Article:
Gesa Stedman mourns the death of Michael Bond, inventor of the Paddington bear stories.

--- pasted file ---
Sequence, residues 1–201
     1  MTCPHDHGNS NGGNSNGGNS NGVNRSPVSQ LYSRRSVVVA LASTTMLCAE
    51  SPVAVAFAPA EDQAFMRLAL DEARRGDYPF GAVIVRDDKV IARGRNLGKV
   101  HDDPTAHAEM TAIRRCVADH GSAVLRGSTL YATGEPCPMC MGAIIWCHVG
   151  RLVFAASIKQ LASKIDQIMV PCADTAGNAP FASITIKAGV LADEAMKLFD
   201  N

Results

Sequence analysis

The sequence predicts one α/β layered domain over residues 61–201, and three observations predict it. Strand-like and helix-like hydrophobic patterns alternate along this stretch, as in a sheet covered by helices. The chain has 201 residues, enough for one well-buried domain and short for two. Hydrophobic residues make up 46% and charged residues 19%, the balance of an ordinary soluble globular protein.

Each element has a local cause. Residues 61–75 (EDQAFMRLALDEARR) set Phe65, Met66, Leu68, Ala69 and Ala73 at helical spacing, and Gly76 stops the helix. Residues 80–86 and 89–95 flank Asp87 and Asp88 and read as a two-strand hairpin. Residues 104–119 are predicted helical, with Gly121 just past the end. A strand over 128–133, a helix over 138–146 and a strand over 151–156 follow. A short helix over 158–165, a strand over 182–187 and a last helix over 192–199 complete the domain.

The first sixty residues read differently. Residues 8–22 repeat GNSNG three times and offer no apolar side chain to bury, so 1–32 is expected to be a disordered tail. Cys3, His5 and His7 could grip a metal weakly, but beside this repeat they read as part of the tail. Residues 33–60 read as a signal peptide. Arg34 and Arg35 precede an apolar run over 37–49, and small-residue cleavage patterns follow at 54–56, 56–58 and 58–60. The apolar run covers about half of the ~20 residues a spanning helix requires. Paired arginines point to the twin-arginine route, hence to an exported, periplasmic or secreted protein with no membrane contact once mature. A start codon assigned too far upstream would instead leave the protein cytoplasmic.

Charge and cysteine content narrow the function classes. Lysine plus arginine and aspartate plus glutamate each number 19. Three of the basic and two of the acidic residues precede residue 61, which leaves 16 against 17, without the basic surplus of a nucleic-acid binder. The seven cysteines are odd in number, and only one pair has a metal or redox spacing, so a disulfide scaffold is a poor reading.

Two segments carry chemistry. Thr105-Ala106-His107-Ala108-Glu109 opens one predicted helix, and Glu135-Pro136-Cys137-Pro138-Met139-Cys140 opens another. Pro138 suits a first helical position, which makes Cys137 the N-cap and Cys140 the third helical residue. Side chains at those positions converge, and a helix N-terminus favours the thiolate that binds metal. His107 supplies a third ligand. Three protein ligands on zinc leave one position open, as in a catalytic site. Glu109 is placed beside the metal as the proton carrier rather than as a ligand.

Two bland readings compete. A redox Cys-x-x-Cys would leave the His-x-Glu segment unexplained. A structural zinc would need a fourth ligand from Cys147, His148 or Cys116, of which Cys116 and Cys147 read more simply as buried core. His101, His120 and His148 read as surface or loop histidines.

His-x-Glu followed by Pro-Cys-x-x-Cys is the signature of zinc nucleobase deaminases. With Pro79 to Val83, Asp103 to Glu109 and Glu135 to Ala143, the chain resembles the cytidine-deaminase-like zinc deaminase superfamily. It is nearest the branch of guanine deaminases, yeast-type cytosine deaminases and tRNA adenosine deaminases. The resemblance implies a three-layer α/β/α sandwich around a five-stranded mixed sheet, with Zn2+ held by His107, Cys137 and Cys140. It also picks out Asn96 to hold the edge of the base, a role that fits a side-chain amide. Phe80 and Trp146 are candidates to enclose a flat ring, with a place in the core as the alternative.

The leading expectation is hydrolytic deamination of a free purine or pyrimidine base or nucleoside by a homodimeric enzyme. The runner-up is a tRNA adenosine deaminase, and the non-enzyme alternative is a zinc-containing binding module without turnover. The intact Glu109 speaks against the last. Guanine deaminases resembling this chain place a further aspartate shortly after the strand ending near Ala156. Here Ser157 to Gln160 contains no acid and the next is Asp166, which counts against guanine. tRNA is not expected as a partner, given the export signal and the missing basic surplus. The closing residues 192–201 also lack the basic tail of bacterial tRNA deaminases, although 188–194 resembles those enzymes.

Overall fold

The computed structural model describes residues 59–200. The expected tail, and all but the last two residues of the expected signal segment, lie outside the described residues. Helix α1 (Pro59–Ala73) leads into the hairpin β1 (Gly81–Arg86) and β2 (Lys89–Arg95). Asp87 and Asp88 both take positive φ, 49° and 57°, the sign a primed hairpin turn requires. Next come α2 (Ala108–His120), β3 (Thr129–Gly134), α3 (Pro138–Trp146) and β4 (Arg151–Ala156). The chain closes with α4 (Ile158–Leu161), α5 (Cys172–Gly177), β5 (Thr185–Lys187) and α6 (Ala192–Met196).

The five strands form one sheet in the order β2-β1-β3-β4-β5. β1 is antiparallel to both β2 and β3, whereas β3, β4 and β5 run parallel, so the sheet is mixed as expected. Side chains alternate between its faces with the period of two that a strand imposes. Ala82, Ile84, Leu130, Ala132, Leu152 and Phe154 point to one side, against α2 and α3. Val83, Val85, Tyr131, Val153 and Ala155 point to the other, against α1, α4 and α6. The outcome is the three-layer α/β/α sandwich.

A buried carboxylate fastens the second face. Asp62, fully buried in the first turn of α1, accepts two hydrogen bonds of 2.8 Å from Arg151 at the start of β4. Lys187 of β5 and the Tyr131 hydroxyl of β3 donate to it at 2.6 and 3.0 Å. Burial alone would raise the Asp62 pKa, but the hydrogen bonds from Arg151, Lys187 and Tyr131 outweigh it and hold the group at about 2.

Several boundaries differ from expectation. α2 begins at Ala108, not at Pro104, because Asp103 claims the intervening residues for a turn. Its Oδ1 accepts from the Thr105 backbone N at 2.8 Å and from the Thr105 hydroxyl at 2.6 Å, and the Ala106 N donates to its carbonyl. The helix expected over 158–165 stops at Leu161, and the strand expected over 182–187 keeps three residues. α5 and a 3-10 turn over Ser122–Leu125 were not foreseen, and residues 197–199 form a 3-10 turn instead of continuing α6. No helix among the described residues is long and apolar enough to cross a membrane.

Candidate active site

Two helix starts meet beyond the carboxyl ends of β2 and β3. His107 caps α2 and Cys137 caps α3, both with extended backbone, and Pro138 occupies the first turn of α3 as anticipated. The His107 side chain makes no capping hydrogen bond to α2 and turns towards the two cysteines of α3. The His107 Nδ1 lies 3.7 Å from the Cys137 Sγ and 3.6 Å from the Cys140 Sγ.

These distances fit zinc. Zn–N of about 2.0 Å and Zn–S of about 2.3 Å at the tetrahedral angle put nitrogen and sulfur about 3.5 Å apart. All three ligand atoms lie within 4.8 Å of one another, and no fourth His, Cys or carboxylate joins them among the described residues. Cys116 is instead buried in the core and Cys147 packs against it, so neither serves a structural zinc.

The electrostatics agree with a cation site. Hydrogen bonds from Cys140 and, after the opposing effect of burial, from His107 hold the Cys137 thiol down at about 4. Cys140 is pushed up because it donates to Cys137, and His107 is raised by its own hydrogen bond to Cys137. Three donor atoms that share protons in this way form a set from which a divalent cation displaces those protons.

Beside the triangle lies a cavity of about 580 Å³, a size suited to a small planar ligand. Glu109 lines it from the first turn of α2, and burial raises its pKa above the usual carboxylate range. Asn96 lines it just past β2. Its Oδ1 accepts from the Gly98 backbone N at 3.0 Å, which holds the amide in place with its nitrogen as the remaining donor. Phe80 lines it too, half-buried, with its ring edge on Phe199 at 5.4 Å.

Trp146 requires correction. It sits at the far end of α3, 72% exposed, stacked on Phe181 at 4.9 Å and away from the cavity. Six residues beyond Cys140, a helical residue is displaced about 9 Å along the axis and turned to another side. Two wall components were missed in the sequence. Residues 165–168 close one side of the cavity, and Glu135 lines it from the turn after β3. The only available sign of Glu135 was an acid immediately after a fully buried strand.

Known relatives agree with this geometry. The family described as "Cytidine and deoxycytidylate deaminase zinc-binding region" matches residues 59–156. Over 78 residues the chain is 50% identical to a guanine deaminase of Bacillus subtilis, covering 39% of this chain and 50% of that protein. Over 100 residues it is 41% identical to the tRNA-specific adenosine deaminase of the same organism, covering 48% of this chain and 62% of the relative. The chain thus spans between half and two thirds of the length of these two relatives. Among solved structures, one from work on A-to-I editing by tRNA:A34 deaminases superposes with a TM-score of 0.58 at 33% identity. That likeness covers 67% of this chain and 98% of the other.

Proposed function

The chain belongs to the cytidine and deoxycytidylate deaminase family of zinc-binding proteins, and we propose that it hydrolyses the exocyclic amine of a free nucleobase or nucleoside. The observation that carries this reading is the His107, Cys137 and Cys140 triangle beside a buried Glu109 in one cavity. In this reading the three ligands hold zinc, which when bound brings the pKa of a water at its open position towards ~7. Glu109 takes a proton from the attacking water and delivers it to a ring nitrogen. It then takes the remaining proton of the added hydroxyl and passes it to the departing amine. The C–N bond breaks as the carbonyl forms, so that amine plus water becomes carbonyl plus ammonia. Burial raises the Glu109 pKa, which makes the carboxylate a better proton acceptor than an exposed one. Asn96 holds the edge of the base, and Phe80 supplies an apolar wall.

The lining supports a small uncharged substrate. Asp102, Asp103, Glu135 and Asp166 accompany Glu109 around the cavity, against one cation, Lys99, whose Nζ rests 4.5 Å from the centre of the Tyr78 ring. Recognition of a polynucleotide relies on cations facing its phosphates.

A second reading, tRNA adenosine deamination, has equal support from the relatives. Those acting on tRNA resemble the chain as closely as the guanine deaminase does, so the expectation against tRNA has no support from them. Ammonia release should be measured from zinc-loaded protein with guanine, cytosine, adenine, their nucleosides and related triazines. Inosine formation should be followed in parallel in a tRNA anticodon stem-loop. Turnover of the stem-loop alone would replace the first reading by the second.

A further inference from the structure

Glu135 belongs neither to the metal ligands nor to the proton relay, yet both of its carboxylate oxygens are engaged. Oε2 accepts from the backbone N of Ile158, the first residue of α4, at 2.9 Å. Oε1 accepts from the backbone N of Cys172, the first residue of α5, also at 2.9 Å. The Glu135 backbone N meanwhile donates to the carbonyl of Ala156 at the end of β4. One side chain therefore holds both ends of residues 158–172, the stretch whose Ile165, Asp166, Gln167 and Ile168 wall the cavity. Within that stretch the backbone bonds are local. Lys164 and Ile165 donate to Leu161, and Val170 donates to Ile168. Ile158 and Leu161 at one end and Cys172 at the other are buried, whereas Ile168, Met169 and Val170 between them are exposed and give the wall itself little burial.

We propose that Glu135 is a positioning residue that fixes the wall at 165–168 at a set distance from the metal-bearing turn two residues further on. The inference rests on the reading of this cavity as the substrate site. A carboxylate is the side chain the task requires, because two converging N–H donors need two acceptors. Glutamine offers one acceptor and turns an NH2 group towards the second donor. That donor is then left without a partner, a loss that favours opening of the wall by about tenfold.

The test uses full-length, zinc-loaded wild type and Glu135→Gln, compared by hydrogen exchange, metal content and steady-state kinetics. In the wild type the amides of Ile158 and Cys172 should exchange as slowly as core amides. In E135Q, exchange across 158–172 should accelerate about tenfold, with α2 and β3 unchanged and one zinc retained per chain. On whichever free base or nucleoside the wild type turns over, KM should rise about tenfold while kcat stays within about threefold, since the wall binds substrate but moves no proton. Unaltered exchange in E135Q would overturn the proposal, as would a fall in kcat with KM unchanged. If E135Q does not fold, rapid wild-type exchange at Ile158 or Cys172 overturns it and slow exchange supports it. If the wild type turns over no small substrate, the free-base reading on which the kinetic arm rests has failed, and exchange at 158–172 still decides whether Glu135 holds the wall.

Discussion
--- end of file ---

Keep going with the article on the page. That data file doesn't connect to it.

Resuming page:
Michael Bond has died aged 91. Although well-known to many, his fame is by far outdone by his famous creation, Paddington bear, who arrived at Paddington Station from “Darkest Peru” in 1958. In his blue duffle-coat, wearing Wellingtons and a red hat, reminiscent of WWII child refugees with labels around their necks, Paddington was picked up by the Brown family and has had adventures ever since. Although one might want to criticize Bond for associating Peru with “darkness”, at least Paddington bear can stand for the current predicament of many contemporary refugees: the arrival in an unknown place with only a small suitcase, not much food (except a pot of marmalade in Paddington’s case), and no idea where to turn to next. “In later life, Bond was touched by many letters from child immigrants who told him about their own fresh starts in England, just like Paddington’s: many liked the way the bear politely challenged authority. By the time of the 2014 Paddington film, Bond’s bear was a benign signifier of welcomed migration”, as Veronica Horwell writes in The Guardian, 28 June 2017 (link to the article). One can only hope that others in the same situation find a family such as the Browns who take the label hanging around Paddington’s neck seriously: please look after this bear. They do, and accompany Paddington in all his pursuits, teaching him the English way of life as they go along. Admittedly, a rather limited vision of Englishness, and an affluent middle-class one at that. Nevertheless, Michael Bond created a much-loved and often adapted and widely translated body of stories which resonate with readers (and today: with viewers). One can only hope that wherever he may be now, someone “looks after this author”.